Let's move forward in our series on bad breath (otherwise known as Halitosis) with a look at what I call "sinus breath," which is bad breath that's a result of sinus problems.
First, a recap: The entire reason I'm doing this series on the different kinds of bad breath is to point out that not all bad breath originates from not brushing your teeth, etc. I'm convinced that many people simply think bad breath is "mouth only" and can be cured with a quick brush or a breath mint. That's not the case -- there are many "types" of bad breath. In this blog, I've already done tonsil breath, and lung breath. And today, we'll move forward with sinus breath.
The first thing I'll state is "sinus breath" is not an "official" medical term -- I kind of made it up (just like "lung breath" and "tonsil breath"). But in my professional opinion (as well as my blog), "sinus breath" is bad breath that is somehow related to your sinuses.
So the obvious question is this: How do your sinuses contribute to bad breath? Well, there are actually several ways. I'll list them here:
Post Nasal Drip -- Post Nasal Drip is excess mucus that leaks ("drips") in the back of your mouth. The causes of post nasal drip are many -- anything that causes excess mucus can/will result in post-nasal drip. It can be as simple as a cold or allergies (any kind of allergy -- food, pollen, pets, etc.), or something harder to pin down, like a bacterial infection (1). When this excess mucus occurs, it creates an environment ripe for bacteria to multiply, giving the discharge an odor. Hence, you get bad breath.
Sinusitis -- Somewhat similar to post nasal drip in how it causes bad breath, sinusitis is a fancy name for what we commonly call a "sinus infection." When this happens, your sinuses become inflamed, causing the mucus to stop circulating and instead build up. This is a rich environment for bacteria to grow and multiply, and can result in a foul odor. There are a myriad of causes for a sinus infection / sinusitis -- everything from a cold to allergies to smoking to a tooth infection. But one of the first symptoms (besides a clogged nose and pain) is usually bad breath. (2)
Cleft Palate -- Sometimes a condition like a cleft palate can create an area where bacteria can grow and multiply undisturbed. This can sometimes cause bad breath (3).
Mouth Breathing -- This is an area where the "types" of bad breath can sometimes overlap (because I'll talk about mouth breathing and dry mouth in the future). But a lot of the issues I mention above may cause one to breathe "more" through their mouth, which can lead to dry mouth, which can lead to bad breath. (4) This happens because saliva washes away food particles and keeps the mouth clean. So, in the absence of saliva, you have an environment for stinky bacteria. Again, we'll touch on dry mouth again in the future, but I wanted to mention it here because sinus problems can lead to it (any blockage of nasal passages can lead to more mouth breathing, so a deviated septum and similar can cause such as well).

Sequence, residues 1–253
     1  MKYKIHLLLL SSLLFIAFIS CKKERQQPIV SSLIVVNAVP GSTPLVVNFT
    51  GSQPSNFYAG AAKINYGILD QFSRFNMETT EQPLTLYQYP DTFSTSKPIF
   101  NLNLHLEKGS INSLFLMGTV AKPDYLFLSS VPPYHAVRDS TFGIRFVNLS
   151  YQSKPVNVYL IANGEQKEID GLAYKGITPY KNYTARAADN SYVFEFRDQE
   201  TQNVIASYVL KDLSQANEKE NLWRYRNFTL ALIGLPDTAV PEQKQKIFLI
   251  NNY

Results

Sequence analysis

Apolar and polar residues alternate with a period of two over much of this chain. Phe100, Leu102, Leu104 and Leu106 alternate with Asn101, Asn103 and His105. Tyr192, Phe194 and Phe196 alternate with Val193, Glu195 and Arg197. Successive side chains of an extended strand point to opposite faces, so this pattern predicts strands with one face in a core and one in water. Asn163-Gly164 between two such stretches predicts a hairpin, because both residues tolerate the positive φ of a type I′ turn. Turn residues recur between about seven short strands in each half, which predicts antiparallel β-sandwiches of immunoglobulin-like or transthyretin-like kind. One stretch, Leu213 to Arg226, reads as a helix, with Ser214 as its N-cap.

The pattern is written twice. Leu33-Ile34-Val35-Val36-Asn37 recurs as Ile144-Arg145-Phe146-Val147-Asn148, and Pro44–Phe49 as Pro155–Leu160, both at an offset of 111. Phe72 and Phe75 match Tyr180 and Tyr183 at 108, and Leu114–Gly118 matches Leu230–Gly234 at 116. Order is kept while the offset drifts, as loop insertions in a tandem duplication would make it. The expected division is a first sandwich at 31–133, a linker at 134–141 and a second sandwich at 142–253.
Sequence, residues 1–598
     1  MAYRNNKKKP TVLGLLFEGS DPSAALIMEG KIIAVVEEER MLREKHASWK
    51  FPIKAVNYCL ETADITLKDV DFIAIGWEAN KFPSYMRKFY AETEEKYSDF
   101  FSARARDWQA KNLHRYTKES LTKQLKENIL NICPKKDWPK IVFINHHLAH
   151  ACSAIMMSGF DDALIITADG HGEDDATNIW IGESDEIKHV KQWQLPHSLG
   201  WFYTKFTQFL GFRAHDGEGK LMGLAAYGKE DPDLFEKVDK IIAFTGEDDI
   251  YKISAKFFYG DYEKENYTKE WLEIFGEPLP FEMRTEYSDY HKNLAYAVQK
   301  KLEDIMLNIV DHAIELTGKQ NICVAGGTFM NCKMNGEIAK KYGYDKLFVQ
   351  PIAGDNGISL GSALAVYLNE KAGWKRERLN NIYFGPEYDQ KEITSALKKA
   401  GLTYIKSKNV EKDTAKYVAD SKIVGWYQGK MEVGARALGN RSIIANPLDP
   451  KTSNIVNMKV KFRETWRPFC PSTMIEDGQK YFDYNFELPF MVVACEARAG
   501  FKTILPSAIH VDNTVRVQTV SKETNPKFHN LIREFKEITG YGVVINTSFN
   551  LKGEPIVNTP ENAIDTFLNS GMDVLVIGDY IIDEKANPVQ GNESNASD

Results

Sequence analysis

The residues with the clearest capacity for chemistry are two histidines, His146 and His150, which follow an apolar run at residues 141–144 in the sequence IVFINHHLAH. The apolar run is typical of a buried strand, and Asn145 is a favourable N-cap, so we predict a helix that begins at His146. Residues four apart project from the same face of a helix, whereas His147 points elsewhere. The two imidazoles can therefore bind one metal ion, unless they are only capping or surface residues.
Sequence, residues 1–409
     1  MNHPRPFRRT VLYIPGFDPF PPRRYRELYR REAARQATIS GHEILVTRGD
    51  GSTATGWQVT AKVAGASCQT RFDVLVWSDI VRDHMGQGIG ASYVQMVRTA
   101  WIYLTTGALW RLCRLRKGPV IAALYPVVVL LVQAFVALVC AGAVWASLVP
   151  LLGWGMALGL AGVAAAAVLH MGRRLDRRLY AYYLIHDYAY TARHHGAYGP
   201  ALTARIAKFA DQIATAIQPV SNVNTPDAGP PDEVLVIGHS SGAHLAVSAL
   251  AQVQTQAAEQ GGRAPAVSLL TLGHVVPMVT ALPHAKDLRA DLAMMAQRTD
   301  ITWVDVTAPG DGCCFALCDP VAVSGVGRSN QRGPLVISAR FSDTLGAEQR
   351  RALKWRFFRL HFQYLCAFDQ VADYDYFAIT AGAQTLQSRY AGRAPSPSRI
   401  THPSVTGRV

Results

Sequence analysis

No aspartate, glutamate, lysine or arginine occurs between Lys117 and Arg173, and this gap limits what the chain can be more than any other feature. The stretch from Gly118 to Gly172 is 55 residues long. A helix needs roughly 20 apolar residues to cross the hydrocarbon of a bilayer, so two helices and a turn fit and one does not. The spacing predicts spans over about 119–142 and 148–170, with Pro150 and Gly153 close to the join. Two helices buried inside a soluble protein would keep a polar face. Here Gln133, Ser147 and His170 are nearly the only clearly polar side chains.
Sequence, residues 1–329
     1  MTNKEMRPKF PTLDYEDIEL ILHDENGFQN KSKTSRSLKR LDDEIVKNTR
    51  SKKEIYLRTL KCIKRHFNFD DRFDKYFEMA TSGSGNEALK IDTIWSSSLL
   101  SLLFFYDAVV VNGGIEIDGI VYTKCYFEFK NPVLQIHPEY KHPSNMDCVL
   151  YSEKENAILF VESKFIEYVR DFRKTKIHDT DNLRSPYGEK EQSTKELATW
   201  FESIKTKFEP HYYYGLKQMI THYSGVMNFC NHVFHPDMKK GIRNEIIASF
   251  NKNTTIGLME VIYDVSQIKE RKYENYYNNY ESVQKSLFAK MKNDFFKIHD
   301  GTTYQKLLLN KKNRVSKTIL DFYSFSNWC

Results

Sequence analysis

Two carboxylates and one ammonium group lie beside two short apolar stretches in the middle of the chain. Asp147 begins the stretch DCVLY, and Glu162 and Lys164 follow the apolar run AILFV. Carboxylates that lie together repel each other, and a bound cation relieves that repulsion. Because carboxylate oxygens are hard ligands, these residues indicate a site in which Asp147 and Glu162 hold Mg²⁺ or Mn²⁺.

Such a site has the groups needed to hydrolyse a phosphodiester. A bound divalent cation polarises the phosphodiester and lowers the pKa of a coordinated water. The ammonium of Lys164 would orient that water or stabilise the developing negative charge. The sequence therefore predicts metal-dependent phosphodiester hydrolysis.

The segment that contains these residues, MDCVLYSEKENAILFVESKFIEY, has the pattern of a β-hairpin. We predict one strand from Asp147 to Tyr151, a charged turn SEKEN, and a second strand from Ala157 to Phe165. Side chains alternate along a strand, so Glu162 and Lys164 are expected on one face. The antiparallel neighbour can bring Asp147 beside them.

Now that I've mentioned all of the causes, it's time to talk about solutions. Unfortunately, there is no one-size-fits-all solution for bad breath that's related to your sinuses. That's because the causes are so widespread, without any real connection to them (for example, having cold-induced post nasal drip is obviously very, very different than having a cleft palate). And like I mentioned in the very beginning of this post, it's not as simple as chewing a piece of gum or popping a breath mint -- that "cure" may be fleeting at best.
Thus, the obvious solution to curing sinus breath is to tackle the individual cause, whatever it is. This could range from antibiotics for a one-time sinus infection to avoiding allergy triggers to even surgery in regard to blocked nasal passages (but that's pretty extreme). Like I mentioned in the other "breath blogs," the best thing to do if you have chronic bad breath is to speak with your doctor or dentist and let them help you in determining the cause. Is it coming from the stomach, lungs, sinus, or mouth? Once the "where does the bad breath come from?" question is satisfactorily answered, the treatment and cure can be worked on.
I hope you are enjoying this series on bad breath. It's refreshing to write (no pun intended), because it allows me to have something to point to when I'm cornered at a party and people say "doc, about this breath..."
Until next time, keep smiling.
For more by Thomas P. Connelly, D.D.S., click here.
For more on dental health, click here.
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